Shahrvini et al. BMC Medical Education (2021) 21:13 Page 10 of 13 COVID-19 pandemic has created opportunities to ex- Qualtrics survey instrument (Continued) pand the role of remote learning in medical education, Very Somewhat Neutral Somewhat Very N/A: I and this study provides valuable insight for educators negatively negatively (3) positively positively did not affected affected affected affected take this participating in re-designing preclinical curricula to ef- (1) (2) (4) (5) course fectively meet the needs of students. via remote learning (6) Appendix Pre-clinical o o o o o o Qualtrics survey instrument electives (8) Pre-Clinical Remote Learning Quality Improvement. Q1 What year are you currently enrolled in at the school of medicine? Q4 I find the following resources valuable for my o MS1 (1). remote learning. o MS2 (2). Strongly Disagree Neutral Agree Strongly N/A: I have Disagree (2) (3) (4) Agree (5) not used this Q2 How has the transition to remote learning affected (1) resource (6) the quality of instruction you receive for each of the Online question o o o o o o following curricular components? bank subscription (1) Online textbooks o o o o o o Very Somewhat Neutral Somewhat Very N/A: I (2) negatively negatively (3) positively positively did not affected affected affected affected take Podcasted o o o o o o (1) (2) (4) (5) this lectures (4) course via Online office o o o o o o remote hours/review learning sessions (5) (7) Zoom Pro o o o o o o Lecture-based o o o o o o Account (6) learning (1) Complete o o o o o o PBL (2) o o o o o o Anatomy (7) POM (3) o o o o o o JOVE Science o o o o o o Education (8) Anatomy (4) o o o o o o Aquifer (9) o o o o o o Histology (6) o o o o o o OnlineMedEd (10) o o o o o o Ultrasound (7) o o o o o o iPad/Tablet (11) o o o o o o ACA o o o o o o Preceptorship Laptop (12) o o o o o o (8) Other: (13) o o o o o o Pre-clinical o o o o o o electives (9) Q5 Since implementation of remote learning, how Q3 How has the transition to remote learning affected much additional money have you paid out of pocket for your participation in each of the following curricular educational resources? components? o $0–100 (5). o $101–$500 (2). Very Somewhat Neutral Somewhat Very N/A: I o $501–1000 (3). negatively negatively (3) positively positively did not affected affected affected affected take this o $1000+ (4). (1) (2) (4) (5) course Q6 I felt adequately prepared to transition to remote via remote learning. learning (6) o Strongly Disagree (1). Lecture-based o o o o o o o Disagree (2). learning (1) o Neutral (3). PBL (2) o o o o o o o Agree (4). POM (3) o o o o o o o Strongly Agree (5). Anatomy (4) o o o o o o Q7 In terms of structure for the remote learning Histology (5) o o o o o o curriculum, which do you prefer? Ultrasound (6) o o o o o o o I prefer the flexibility of learning material at my own ACA o o o o o o time and pace (1). Preceptorship o I prefer having required modules and due dates (2). (7) o No preference (3).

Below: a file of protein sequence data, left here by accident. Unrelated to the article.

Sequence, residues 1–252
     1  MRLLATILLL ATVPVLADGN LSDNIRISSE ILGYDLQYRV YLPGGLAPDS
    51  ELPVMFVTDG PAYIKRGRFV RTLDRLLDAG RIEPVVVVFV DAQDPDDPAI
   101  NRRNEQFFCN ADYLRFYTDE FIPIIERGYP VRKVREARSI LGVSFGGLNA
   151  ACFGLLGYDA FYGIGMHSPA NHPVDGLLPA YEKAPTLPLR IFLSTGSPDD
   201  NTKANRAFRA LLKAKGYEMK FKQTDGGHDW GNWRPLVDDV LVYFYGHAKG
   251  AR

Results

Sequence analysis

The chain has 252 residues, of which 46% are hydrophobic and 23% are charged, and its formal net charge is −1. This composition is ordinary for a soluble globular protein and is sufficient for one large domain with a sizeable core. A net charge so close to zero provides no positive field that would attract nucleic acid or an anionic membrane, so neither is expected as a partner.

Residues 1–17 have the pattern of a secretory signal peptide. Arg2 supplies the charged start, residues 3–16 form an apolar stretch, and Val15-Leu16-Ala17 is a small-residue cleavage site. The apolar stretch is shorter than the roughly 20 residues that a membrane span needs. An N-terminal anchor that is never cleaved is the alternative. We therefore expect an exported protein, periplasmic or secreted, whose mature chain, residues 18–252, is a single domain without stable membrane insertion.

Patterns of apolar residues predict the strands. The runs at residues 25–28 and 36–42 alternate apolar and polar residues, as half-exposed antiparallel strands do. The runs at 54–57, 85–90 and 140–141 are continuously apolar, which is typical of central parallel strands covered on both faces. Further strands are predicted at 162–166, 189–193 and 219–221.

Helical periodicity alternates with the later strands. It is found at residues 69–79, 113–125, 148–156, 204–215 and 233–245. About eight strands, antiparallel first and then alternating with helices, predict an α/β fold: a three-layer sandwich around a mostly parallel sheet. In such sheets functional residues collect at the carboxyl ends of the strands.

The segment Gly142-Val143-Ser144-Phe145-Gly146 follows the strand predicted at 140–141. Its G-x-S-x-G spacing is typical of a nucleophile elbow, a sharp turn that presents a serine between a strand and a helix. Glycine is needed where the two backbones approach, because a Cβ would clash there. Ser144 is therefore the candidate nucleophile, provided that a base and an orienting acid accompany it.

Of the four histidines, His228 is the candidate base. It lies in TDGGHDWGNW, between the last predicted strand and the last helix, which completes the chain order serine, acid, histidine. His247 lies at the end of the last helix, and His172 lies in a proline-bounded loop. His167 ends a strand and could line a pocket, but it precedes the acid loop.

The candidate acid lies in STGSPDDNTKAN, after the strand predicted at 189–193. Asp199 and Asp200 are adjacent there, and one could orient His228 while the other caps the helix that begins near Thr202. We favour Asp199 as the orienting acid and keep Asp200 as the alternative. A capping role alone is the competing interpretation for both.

Shahrvini et al. BMC Medical Education (2021) 21:13 Page 11 of 13 Q8 Hypothetically, if some learning modules were o Stayed in existing off-campus housing in San Diego required to be completed by certain due dates, how (5). frequently would you prefer those due dates to o Moved off-campus in San Diego (2). occur? o Moved outside San Diego area (4). o Daily (1). Q14 Rate your agreement with the following o Every few days (2). statements: o Weekly (3). o Biweekly (4). Strongly Disagree Neutral Agree Strongly Disagree (2) (3) (4) Agree o Monthly (5). (1) (5) Q9 I have found the following methods of I have access to sufficient o o o o o communication effective in informing me about the internet to meet the demands of remote changes in my education. learning. (2) Strongly Disagree Neutral Agree Strongly N/A: I have not I have access to sufficient o o o o o Disagree (2) (3) (4) Agree received technology (ie a computer (1) (5) communication with a webcam, iPad, etc) via this method to meet the demands of (6) remote learning. (3) Emails (1) o o o o o o Given my living o o o o o Canvas (2) o o o o o o arrangements, I have sufficient access to quiet Virtual o o o o o o Town Halls study space to meet the with SOM demands of remote Deans (3) learning. (4) Facebook o o o o o o Overall, my current living o o o o o Class Page arrangements are (4) conducive to remote learning. (6) University o o o o o o Website (5) Other: (6) o o o o o o Q15 Rate your agreement with the following statements: Strongly Disagree Neutral Agree Strongly Q10 Given the transition to remote learning, I feel Disagree (2) (3) (4) Agree that the examination process provides a fair assessment. (1) (5) o Strongly Disagree (1). Given the o o o o o transition to o Disagree (2). remote learning, o Neutral (3). I still feel o Agree (4). connected to UCSD School of o Strongly Agree (5). Medicine. (1) Q11 How do you feel your USMLE STEP 1 Given the o o o o o preparation has been affected by the transition to transition to remote learning for your medical education curriculum? remote learning, o Very negatively affected (1). I still feel connected to my o Somewhat negatively affected (2). classmates. (2) o No change (3). o Somewhat positively affected (4). o Very positively affected (5). Q16 If you have participated in any form of tele-health Q12 Given the transition to remote learning, how during this time, please comment on your experience: prepared do you feel to begin clerkships? o Very unprepared (1). Q17 What are the best components of the remote o Somewhat unprepared (2). learning curriculum? o Neutral (3). o Somewhat prepared (4). Q18 What gaps remain in the remote learning o Very prepared (5). curriculum? Q13 Since implementation of remote learning, which of the following describes your residence location: Q19 Which components of the remote learning o Stayed at UCSD graduate student housing (1). curriculum should be continued in the standard